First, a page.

What Would Cause A Spark Plug To Blow Out (5 Complications)

What Would Cause A Spark Plug To Blow Out

One of the common issues that a driver faces during driving is the spark plug disintegration or you can say the burst out. This is a worrying case and has to be taken seriously. Many people still keep driving with a blown-out spark plug, but is it wise? No!

Things can go from bad to worse in seconds. For example, if the spark plug has an ignition coil on top of it and it fires up unwantedly, you might hear a deafening blown spark plug sound. So what would cause a spark plug to blow out?

We are here to talk about the potential causes and fixes in the following article.

What Is a Spark Plug And What Is the Use of It 

Just having the key to your ignition won’t start up the car or you. There has to be fully working spark plugs placed in the engine to make it run. As you might know, a car engine works due to the combustion of fuel and air and it plays a crucial role in the speedy start.

To make the combustion work, you first gotta give an initial spark to start up the reaction, this is where a spark plug works wonder. It is an electrical component that fits on cylinder heads and produces the much-needed electrical jolt to start the combustion process.

It is advised that every car owner must look for their car manufacturer’s recommendation regarding spark plug installation and replacement criteria. This intricate piece of mechanism ensures functional pistons and a smooth driving experience.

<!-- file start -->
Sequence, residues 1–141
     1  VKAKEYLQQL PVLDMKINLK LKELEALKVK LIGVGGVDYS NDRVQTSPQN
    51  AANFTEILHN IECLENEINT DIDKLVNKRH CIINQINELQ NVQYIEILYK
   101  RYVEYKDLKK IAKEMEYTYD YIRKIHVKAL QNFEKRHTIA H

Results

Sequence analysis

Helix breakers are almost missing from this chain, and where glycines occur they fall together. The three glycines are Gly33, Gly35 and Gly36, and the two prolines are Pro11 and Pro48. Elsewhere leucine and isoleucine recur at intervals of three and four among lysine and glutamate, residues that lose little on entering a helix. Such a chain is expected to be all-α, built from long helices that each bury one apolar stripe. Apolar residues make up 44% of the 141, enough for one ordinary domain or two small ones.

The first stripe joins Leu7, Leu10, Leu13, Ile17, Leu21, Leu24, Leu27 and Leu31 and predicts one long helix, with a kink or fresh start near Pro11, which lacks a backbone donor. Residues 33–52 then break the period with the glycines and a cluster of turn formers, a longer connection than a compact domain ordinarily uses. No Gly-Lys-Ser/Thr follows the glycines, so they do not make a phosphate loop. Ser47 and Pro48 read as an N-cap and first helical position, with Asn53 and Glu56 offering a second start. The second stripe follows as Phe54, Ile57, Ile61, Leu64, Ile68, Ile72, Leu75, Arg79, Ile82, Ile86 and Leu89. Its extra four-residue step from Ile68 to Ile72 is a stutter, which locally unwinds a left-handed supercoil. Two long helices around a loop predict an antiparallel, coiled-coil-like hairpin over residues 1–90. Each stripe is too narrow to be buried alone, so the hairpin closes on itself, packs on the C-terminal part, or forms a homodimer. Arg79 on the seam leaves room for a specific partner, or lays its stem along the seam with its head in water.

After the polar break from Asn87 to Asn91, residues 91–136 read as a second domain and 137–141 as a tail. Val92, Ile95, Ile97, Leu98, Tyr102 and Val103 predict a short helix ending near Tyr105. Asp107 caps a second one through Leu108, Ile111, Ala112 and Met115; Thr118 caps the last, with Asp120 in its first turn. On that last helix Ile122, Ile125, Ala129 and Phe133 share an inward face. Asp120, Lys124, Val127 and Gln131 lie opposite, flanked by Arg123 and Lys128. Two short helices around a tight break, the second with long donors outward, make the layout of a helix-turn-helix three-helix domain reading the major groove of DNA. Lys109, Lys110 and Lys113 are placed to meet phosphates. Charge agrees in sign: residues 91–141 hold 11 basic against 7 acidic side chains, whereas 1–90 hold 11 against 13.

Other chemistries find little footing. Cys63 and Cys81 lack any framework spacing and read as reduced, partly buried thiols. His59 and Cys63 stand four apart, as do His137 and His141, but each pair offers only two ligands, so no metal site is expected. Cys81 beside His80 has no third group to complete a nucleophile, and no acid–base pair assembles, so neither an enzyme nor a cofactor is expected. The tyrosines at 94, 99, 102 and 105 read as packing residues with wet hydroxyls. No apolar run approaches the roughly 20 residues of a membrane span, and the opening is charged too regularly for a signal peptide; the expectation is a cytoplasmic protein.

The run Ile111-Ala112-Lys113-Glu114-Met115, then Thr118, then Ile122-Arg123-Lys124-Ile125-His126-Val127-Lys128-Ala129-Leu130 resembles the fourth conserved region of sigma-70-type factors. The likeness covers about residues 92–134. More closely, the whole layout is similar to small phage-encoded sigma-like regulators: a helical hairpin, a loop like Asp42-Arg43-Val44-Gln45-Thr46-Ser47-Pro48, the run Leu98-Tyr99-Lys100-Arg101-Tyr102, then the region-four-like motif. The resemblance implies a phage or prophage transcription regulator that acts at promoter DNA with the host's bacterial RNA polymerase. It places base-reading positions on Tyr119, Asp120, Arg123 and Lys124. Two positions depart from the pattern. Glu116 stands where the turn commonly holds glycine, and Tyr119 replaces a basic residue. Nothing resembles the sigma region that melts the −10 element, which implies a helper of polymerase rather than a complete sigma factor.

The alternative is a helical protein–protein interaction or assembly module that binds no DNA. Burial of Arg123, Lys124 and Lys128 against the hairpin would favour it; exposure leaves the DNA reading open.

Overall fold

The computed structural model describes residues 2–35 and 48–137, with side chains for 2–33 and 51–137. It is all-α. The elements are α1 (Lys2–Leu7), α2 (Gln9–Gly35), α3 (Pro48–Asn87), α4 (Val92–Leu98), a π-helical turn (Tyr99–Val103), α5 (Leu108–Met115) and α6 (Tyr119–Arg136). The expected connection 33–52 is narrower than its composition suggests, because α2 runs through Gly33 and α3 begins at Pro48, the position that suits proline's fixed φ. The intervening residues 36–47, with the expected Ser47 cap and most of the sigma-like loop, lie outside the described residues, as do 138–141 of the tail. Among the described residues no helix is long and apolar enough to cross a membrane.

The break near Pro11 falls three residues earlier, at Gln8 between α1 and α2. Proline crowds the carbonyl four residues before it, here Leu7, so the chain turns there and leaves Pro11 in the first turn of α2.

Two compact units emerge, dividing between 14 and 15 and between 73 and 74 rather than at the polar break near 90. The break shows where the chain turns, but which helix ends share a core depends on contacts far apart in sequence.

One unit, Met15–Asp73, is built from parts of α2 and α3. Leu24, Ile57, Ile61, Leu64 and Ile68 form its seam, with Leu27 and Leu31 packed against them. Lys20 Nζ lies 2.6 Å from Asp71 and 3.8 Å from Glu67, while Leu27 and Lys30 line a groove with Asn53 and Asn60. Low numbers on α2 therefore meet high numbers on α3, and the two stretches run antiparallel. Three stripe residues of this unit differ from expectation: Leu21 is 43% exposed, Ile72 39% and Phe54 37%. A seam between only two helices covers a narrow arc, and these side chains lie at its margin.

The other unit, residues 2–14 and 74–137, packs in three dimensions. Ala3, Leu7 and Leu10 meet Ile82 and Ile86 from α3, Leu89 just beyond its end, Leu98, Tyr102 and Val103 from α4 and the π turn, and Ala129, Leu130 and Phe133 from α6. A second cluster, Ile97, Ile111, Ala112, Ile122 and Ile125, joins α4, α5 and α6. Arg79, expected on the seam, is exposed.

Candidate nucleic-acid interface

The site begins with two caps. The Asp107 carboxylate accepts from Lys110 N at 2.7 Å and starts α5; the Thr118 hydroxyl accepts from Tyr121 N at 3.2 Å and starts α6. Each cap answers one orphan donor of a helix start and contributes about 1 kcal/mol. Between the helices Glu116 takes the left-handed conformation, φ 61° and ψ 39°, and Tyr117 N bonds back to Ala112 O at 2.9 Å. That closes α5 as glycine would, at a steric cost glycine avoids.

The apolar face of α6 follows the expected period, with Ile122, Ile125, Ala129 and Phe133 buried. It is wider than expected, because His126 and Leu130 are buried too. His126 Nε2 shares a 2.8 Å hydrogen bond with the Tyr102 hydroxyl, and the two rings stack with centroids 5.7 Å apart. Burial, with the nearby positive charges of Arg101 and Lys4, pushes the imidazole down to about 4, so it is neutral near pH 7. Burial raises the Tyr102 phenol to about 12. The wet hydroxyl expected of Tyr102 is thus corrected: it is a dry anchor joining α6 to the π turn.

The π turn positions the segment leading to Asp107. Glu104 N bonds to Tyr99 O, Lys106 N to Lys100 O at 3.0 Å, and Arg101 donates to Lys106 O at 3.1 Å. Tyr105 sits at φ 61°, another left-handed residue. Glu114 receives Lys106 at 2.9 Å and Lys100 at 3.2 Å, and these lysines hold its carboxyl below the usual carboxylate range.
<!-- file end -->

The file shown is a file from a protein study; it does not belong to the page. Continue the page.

What Causes a Spark Plug to Blow Out of An Engine

There is no one particular problem but rather there are a few different things that could go wrong with a spark plug. One reason can be that the plug is too overpowering in terms of strength compared to the cylinder head.

Spark plugs are made to last extreme temperatures and withstand different hazards, but what is aligned with it also needs to match the power and capacity.

For example, aluminum cylinder heads are more prone to falling in comparison to cast iron ones. In simpler words, you might notice a spark plug blowing out of your head. There are many other complications such as.

1. Manufactured With A Flaw

This is a rare case where you end up with a flawed plug, this is because automobile component manufacturers test their products before dispatching them. That being said, you may still get a defective product from spark plug manufacturers.

There have been some complaints from riders around the world, stating that the spark plug blew out of the engine after some use.

This could be because of the design flaw of the plug and nothing to do with the cylinder head. Aluminum spark plug threads are vulnerable to breaking compared to cast iron or copper materials.

2. Small Threaded Plugs

This falls within company defects, to be honest. You are not making the plugs and you might be aware of it before it’s too late. Shortened threads on spark plugs during the construction process can be a menace. It is a slow burn for such items.